Are These Entrepreneurs Really Comic Book Supervillains?

Warner Bros

They use their genius level intellects to create world changing inventions, have more megomaniacal tendencies than Hitler after stubbing his toe, can draw on massive monetary resources to support their mad schemes, and harbour aspirations of colonising not only Earth but the Moon and Mars as well.

Who am I talking about?

Surprisingly enough, it’s not Lex Luthor or Doctor Doom, it’s these seemingly nice-guy tech entrepreneurs whose exploits give even the most dedicated fictitious super pricks a run for their money.

Elon Musk

Right Wing News

Although he was the inspiration for Robert Downey Jr’s Iron Man (with Jon Favreau having met Musk while developing the project), a cursory glance at South African born entrepreneur Elon Musk’s achievements reads like the template backstory for every super villain ever committed to ink.

Firstly, he has a cool comic book name: Elon Musk. Secondly, he has all the charisma and charm of Gene Hackman’s Lex Luthor from Superman 2, a prerequisite for any diabolical baddie. Thirdly, like all ruthless super geniuses he was a precocious child, teaching himself programming and developing his first video-game at age 12. And, finally, he seems to own or have a stake in pretty much every crazy, high tech firm in existence!

In his 44 years he has started ubiquitous online payment platform, Paypal, founded electric car front runner, Tesla, birthed the first civilian space exploration company to put a human into orbit, SpaceX, began development on a revolutionary type of solar power storage battery, developed a solar power company and is now busy building a futuristic Hyperloop transportation system that will make the journey between San Francisco and Los Angeles in 30 minutes travelling at 750kph.

Come on, if that doesn’t read like the CV of a super villain, then nothing does. Thank fuck he’s on our side… for now.

Bill Gates


Having the enviable title of world’s richest man automatically qualifies one as a super villain. In fact, if you have all that money and weren’t entertaining clandestine plans for global domination then you’re doing it wrong.

But, surely, Bill’s not actually a super villain? I mean, we’d know, wouldn’t we?

Well, not necessarily – just look into that face and tell me you couldn’t picture him reclining in a swivel chair stroking a cat.

His rap sheet for possible super-villainy is as long as a line of buggy code. For starters, the guy lives in an earth-sheltered Hobbit hole named Xanadu 2.0 in direct reference to Orson Welles megalomaniacal character Citizen Kane. His house is also home to the Codex Leicester – a 16th century manuscript written by Leonardo Da Vinci costing $30m – as well as an artificial stream, a bunker housing ten cars, and a beach with sand specially imported from the Caribbean.

Surely there’s a hidden missile silo buried in there somewhere, probably with a member of Her Majesty’s Secret Service strapped to a bench while a laser scorches his pubes.

Peter Thiel


One of the hallmarks of super villains is that they’ll have some kind of character quirk – The Riddler spouted riddles, The Joker wears macabre clown makeup and dresses like a Vaudevillian, and Lex Luthor goes prematurely bald.

In this great tradition steps Peter Thiel. What’s his quirk, you ask? Well, basically, it’s naming shit after stuff from Lord of the Rings. Thiel, a chess master by age 21, is the founder and provider of the Thiel Fellowship, he runs a company called Palantir, and is the co-founder of Mithril Capital Management.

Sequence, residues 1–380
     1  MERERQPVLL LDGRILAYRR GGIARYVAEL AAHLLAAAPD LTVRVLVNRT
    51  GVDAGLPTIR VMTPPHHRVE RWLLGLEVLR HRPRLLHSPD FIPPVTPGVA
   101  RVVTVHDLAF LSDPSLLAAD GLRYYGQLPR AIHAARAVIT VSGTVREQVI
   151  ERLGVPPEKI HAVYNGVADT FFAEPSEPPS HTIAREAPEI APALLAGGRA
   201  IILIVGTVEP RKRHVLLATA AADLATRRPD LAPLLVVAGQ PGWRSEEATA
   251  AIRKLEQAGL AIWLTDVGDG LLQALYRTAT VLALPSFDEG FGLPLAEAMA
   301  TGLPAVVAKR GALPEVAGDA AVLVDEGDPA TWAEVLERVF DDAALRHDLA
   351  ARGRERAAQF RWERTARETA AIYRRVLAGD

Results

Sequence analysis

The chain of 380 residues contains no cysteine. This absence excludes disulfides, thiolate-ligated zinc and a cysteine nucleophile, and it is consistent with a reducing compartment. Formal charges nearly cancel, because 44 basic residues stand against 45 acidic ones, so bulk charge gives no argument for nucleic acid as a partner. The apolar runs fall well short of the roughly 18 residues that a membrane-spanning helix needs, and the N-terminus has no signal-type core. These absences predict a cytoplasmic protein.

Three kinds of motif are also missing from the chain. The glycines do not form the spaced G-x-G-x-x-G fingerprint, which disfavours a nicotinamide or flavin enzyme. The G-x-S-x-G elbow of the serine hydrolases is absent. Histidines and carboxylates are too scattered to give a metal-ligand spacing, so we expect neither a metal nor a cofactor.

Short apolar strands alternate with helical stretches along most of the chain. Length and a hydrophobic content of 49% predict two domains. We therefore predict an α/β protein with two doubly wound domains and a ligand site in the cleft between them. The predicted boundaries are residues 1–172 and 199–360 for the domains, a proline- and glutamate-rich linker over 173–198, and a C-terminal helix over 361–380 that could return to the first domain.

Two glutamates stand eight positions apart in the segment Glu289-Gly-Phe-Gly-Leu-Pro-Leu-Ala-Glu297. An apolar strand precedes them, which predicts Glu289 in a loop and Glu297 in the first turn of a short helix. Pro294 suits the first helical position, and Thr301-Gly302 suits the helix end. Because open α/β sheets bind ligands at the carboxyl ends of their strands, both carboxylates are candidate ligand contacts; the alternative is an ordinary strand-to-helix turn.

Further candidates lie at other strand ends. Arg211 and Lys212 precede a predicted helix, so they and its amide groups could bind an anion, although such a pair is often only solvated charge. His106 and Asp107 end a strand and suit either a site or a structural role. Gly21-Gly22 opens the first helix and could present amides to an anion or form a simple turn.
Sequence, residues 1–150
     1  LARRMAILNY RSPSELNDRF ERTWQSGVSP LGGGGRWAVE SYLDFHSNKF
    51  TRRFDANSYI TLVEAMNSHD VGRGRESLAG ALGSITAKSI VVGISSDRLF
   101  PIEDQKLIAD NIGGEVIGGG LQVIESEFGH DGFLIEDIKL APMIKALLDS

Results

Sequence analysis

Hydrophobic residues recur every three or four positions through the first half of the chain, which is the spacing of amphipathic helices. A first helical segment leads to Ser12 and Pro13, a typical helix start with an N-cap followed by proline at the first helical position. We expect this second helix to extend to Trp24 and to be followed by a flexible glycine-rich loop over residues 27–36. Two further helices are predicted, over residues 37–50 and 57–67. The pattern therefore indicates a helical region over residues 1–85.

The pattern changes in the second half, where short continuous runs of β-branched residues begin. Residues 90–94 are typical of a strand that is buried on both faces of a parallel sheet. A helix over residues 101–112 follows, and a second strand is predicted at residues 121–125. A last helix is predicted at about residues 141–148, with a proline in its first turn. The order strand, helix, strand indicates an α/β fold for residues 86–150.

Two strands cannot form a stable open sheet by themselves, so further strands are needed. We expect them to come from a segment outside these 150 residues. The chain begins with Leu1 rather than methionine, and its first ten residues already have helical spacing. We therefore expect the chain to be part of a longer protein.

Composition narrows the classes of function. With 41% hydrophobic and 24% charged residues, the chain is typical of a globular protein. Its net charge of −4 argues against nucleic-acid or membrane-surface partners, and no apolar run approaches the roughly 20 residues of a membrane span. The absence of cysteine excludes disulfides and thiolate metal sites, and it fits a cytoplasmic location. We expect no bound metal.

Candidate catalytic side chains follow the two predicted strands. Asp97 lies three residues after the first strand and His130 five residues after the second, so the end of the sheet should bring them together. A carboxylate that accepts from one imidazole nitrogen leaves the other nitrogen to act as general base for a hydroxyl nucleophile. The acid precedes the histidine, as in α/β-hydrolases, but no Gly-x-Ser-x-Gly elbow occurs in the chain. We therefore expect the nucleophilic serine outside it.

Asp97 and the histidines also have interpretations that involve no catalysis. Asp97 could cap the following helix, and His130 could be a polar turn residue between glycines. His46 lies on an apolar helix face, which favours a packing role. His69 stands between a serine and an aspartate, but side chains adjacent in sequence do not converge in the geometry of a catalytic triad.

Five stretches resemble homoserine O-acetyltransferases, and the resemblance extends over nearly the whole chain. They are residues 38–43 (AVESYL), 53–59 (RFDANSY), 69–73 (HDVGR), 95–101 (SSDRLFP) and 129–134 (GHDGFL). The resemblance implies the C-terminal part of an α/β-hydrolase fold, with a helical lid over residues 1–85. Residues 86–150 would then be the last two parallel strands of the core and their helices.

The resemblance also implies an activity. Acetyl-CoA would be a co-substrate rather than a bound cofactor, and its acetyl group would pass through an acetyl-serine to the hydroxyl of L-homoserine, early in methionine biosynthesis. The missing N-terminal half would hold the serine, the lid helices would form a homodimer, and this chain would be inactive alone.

Besides being obsessed with J.R.R Tolkien’s classic fantasy epic, Peter’s other totally super villainous obsessions include research into becoming immortal, developing increasingly powerful AI and building communities on the sea! So it’s plainly obvious that Thiel is planning to make himself immortal so he can set up a massive seabase surrounded by an army of sophisticated robots.

Where’s Superman when you need him, eh?

Richard Branson


For a man who models his look on bearded TV stalwart, Noel Edmonds, Virgin boss Richard Branson has built a global business empire so massive in its scope that it makes Stark Industries look like a lemonade stall manned by a couple of snotty-nosed six-year-olds.

Branson’s got his digits in so many pies that there’s apple mush dripping from his fingers and toes. If he was to turn around tomorrow and say he was going to outer space to mine dilithium from asteroids using only a hot air balloon and some tweezers, you wouldn’t bat an eyelid.

With an empire stretching through such diverse businesses as record shops, media outlets, airlines and space exploration – and the kind of dressed down, nice guy look that lulls potential superheroes into a false sense of security – Branson can hide in plain sight while wearing the mantle of international supervillain like Clark Kent in some glasses.

Martin Shkreli

NY Times

Unlike the rest of the entrepreneur fraternity featured in this list, Martin Shkreli earns his stripes as a super villain not because of any madcap invention or hegemonic business empire, but simply because he’s a c*nt who became the most hated man on the planet when he tried to extort AIDS patients by increasing the price of vital medication by 5,000%.

Thankfully though, like all middling stand-alone villains in any superhero universe he’s now been brought to justice, and will hopefully live out the rest of his days in some high-tech super prison where the more unhinged members of the criminal brotherhood will provide him with a hands-on education in repeated violence.